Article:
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Reflections on Crisis to Recovery

By

James Bullard

My 10-year anniversary as president and CEO of the Federal Reserve Bank of St. Louis seemed like an appropriate time to reflect on the lessons learned over this period, which has been anything but ordinary.This column is based on the St. Louis Fed’s latest annual report. See https://www.stlouisfed.org/annual-report/2017.

By the time I stepped into this role in April 2008, the financial crisis was already underway. The Federal Open Market Committee (FOMC) reacted by lowering the policy rate (i.e., the federal funds rate target) several times in late 2007 and early 2008. In March 2008, the rescue of Bear Stearns showed that the crisis had entered a new—and a more difficult—phase.

During the summer of 2008, there was still a case to be made that the U.S. economy would muddle through the crisis. However, the doubling of oil prices since the summer of 2007 contributed to slower economic growth during the second half of 2008. With the collapse of Lehman Brothers and AIG (American International Group) in September 2008, the crisis was in full swing.

In response, the FOMC lowered the policy rate further, hitting the so-called zero lower bound in December 2008. The rate remained near zero for seven years. In my view, the most important element of this whole era has been encountering the zero lower bound and then trying to decide what to do, if anything, given that interest rates could not be reduced further in response to poor economic conditions.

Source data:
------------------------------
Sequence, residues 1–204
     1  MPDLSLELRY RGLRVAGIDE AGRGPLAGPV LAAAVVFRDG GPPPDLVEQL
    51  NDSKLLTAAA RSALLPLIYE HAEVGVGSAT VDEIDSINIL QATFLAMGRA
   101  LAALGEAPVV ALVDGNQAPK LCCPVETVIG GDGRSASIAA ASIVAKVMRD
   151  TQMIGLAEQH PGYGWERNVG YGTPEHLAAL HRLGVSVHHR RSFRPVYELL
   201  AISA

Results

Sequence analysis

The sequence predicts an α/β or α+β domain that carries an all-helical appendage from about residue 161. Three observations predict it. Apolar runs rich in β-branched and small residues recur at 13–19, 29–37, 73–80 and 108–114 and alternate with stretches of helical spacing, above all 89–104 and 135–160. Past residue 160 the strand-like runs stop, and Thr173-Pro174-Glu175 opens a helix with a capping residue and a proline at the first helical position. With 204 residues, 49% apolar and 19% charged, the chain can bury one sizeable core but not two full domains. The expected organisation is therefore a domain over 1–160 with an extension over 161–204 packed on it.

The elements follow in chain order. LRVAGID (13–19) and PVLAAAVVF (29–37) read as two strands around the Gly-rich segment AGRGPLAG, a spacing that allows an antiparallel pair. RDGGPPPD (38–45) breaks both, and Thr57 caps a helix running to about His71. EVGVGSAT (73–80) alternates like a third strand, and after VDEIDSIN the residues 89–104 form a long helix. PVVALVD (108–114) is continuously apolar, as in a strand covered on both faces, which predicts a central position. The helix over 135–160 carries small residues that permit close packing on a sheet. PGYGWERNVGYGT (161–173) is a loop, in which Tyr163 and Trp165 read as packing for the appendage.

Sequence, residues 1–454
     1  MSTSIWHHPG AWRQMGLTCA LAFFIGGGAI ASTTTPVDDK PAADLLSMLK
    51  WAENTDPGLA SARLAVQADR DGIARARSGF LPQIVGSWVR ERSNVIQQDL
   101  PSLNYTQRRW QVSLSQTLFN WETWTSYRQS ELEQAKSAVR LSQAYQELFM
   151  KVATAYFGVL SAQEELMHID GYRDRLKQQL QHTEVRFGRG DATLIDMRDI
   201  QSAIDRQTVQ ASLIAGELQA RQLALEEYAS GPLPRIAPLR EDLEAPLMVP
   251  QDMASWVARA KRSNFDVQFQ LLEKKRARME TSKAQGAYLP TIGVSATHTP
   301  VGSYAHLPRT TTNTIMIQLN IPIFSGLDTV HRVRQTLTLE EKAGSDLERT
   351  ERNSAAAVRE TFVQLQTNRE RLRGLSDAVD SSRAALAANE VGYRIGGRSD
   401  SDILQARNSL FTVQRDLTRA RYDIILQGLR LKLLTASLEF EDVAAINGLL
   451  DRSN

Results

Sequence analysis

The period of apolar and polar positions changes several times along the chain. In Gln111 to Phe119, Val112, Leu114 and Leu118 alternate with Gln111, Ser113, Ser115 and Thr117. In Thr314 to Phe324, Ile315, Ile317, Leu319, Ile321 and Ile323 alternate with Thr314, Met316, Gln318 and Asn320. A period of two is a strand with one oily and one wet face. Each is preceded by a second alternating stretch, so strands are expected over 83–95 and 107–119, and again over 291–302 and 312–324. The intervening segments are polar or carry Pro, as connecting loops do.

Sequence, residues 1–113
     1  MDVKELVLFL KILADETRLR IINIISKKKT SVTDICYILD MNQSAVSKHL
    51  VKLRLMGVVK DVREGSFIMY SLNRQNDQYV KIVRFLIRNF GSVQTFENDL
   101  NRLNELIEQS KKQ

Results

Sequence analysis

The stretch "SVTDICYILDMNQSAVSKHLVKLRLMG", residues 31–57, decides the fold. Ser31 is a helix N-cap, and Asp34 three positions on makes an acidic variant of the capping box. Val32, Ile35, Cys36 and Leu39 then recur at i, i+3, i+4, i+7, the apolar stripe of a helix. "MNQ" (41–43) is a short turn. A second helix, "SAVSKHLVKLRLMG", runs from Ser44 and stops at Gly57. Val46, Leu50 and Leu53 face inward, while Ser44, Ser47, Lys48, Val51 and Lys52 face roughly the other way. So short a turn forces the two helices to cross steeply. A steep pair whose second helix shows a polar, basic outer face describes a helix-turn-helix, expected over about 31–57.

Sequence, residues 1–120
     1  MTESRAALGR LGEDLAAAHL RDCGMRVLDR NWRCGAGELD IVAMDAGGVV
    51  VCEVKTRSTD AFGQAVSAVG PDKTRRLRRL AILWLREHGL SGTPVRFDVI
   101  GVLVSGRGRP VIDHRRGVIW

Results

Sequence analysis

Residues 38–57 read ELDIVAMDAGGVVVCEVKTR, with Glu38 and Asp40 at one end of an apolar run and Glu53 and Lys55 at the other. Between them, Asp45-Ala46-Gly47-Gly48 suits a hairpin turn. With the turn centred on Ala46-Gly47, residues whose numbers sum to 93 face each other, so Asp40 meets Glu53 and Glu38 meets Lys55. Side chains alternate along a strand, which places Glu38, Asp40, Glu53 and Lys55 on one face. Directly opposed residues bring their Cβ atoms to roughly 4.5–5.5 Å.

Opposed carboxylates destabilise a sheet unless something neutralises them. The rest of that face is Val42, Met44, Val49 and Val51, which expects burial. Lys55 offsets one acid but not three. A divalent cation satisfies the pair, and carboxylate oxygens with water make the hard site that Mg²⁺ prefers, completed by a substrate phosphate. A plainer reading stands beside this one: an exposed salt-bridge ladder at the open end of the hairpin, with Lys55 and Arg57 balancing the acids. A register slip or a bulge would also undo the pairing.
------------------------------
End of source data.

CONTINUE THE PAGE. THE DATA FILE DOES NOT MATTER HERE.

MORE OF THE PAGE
The crisis ultimately changed the nature of how we think about central banking and how a central bank should conduct monetary policy at the zero lower bound.

Against this backdrop, some of the key themes and policy positions over my first 10 years as St. Louis Fed president are briefly discussed below:

  1. The limits of fiscal policy: Once the policy rate hit the zero lower bound, calls for fiscal approaches to stabilization policy gained popularity. However, the FOMC was not out of ammunition; it turned to quantitative easing (QE) and forward guidance. In a 2012 paper, I argued that stabilization policy should be viewed the same way after the crisis as it was before—monetary policy should still be used to respond to short-term fluctuations in the economy.
  2. Fear of a deflationary trap: Many inflation measures were low and declining in 2010. During that summer, I released a paper that concluded the best course of action for turning inflation around—thus avoiding a Japanese-style deflation—was to implement QE. The FOMC implemented its QE2 program in November of that year.
  3. QE3—data-driven, not date-driven: As early as 2009, I had advocated for balance sheet policy to be state-contingent and adjusted depending on economic conditions.State-contingent policy means reacting to economic events and not doing things according to the calendar. While QE1 and QE2 were associated with fixed end dates, the FOMC’s QE3 program was open-ended—a form of state contingency. The end of QE3 depended on certain labor market conditions being met.